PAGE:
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James Luna 1950-2018: In Remembrance
Celebrated artist James Luna, of Mexican and Native American descent, was known for his thought-provoking and perceptive performance art and mixed media installations. His artworks and performances fearlessly confronted stereotypes about Native American identity, characterized by their cutting wit and humor. He passed away suddenly March 4, 2018 while an artist-in-residence at the Joan Mitchell Foundation in New Orleans, Louisiana.
Of Luiseño, Puyukitchum, Ipai and Mexican heritage, Luna resided on the La Jolla Indian Reservation near San Diego, California. In addition to his work as an artist, Luna was an academic counselor at Palomar College near his home. His artworks drew from personal experience, and the issues affecting his community. He challenged viewers to address their prejudices and the romanticization and trivialization of Native American identity in contemporary American society. He referred to his method of using of satire and humor as "the first step in recovery."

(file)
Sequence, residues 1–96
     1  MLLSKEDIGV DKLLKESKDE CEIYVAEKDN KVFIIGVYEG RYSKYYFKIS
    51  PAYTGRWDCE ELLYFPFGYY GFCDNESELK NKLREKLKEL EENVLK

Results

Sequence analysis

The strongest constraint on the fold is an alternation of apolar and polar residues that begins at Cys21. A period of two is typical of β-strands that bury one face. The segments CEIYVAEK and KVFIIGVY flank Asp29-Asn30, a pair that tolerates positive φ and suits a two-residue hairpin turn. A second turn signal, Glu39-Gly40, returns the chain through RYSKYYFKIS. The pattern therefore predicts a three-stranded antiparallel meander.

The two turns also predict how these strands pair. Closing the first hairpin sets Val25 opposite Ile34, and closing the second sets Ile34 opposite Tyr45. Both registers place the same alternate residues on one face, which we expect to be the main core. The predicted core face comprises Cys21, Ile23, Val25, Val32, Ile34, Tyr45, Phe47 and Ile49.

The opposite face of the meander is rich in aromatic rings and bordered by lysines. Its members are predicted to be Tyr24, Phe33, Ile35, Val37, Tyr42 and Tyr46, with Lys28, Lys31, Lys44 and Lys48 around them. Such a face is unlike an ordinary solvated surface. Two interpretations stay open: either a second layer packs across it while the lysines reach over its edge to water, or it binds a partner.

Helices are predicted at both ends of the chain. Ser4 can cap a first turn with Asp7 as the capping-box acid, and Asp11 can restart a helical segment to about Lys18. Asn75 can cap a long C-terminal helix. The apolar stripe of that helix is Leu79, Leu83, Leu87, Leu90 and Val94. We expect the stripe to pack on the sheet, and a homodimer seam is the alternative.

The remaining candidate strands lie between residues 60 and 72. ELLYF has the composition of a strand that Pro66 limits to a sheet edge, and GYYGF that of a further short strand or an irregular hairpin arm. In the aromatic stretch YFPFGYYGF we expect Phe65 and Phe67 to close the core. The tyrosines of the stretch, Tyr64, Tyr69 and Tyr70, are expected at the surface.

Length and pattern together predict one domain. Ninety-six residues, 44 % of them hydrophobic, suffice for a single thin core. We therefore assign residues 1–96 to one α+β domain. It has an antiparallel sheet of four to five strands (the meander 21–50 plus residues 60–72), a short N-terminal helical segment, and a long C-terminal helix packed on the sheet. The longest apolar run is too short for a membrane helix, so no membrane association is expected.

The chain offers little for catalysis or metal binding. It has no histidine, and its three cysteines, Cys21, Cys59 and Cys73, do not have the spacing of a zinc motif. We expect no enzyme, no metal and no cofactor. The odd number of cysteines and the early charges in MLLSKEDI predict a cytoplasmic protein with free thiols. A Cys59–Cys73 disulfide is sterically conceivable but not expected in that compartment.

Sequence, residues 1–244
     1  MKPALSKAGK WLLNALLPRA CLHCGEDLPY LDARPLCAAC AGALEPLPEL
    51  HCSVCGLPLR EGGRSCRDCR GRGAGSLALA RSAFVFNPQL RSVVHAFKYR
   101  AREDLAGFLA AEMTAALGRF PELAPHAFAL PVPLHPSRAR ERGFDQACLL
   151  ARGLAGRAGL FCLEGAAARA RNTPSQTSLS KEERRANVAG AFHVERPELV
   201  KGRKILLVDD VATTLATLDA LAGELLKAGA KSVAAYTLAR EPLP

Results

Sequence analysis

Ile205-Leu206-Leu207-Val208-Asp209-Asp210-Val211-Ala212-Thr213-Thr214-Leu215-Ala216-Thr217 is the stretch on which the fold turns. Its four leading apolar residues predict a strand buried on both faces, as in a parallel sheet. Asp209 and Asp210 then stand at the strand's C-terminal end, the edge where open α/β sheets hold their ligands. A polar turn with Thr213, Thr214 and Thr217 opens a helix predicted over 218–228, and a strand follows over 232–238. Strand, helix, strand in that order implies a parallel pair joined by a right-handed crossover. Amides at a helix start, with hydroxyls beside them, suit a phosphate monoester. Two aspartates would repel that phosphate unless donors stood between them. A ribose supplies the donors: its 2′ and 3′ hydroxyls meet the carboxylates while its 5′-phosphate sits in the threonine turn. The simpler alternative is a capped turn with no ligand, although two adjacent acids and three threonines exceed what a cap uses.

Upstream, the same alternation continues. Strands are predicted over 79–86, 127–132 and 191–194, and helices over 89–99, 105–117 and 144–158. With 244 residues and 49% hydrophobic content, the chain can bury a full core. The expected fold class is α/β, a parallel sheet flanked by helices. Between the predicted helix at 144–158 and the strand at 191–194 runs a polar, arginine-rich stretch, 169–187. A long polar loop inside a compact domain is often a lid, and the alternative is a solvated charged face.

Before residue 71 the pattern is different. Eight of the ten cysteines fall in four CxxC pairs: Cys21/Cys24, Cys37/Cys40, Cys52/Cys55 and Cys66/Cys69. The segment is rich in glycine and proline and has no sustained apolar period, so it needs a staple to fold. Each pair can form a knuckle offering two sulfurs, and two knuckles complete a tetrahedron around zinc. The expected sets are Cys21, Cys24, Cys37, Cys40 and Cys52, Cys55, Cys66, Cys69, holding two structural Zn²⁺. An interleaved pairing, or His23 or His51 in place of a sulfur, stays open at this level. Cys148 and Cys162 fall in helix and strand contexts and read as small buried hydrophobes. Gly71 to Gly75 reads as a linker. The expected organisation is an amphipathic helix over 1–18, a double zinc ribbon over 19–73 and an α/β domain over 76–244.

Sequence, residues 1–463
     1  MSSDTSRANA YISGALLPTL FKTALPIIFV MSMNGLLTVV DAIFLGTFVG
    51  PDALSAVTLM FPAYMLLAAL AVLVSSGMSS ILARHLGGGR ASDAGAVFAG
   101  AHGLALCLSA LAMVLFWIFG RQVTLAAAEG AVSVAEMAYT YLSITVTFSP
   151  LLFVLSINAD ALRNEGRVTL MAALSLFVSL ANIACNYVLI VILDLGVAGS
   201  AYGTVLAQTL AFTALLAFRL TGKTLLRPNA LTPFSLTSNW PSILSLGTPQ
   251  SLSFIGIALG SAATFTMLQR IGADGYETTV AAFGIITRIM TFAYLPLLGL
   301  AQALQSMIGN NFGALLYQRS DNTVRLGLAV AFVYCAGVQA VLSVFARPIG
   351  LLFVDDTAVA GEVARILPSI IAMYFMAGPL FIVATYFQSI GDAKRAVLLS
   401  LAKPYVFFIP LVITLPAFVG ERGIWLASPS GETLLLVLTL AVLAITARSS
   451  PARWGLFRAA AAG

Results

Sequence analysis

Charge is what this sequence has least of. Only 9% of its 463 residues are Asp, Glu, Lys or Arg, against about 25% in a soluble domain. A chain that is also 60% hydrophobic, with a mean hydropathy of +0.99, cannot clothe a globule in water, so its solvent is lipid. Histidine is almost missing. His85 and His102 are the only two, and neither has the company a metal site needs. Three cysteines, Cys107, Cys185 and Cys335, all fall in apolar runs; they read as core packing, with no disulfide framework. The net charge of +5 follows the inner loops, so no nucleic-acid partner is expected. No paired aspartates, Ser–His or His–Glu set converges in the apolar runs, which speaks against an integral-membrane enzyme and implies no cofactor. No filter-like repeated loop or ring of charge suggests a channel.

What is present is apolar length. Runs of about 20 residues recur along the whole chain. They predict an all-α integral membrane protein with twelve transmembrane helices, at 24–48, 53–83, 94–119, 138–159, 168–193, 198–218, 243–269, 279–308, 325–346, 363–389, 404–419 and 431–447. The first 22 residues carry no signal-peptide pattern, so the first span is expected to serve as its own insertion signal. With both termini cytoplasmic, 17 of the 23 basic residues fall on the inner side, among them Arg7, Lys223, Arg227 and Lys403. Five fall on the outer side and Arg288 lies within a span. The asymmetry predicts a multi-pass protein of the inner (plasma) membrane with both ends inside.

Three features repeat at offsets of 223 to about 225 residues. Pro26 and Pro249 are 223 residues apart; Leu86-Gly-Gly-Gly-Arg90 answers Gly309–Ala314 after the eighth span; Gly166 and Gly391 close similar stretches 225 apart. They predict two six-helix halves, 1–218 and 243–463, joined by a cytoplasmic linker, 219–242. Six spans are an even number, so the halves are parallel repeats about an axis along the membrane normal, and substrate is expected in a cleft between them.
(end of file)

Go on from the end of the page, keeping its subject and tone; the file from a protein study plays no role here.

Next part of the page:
The State Art Collection features four of James Luna’s artworks, acquired in partnership with the University of Washington. Three of his works are part of a collection of contemporary Native American artists, curated by artist John Feodorov for the Gallagher Law Library. His piece titled 'Half Indian/Half Mexican' is part of a collection of nine diverse artists, installed in Kane Hall, whose works explore identity. The Washington State Arts Commission (ArtsWA) is proud to honor James Luna's life, work, and continued legacy.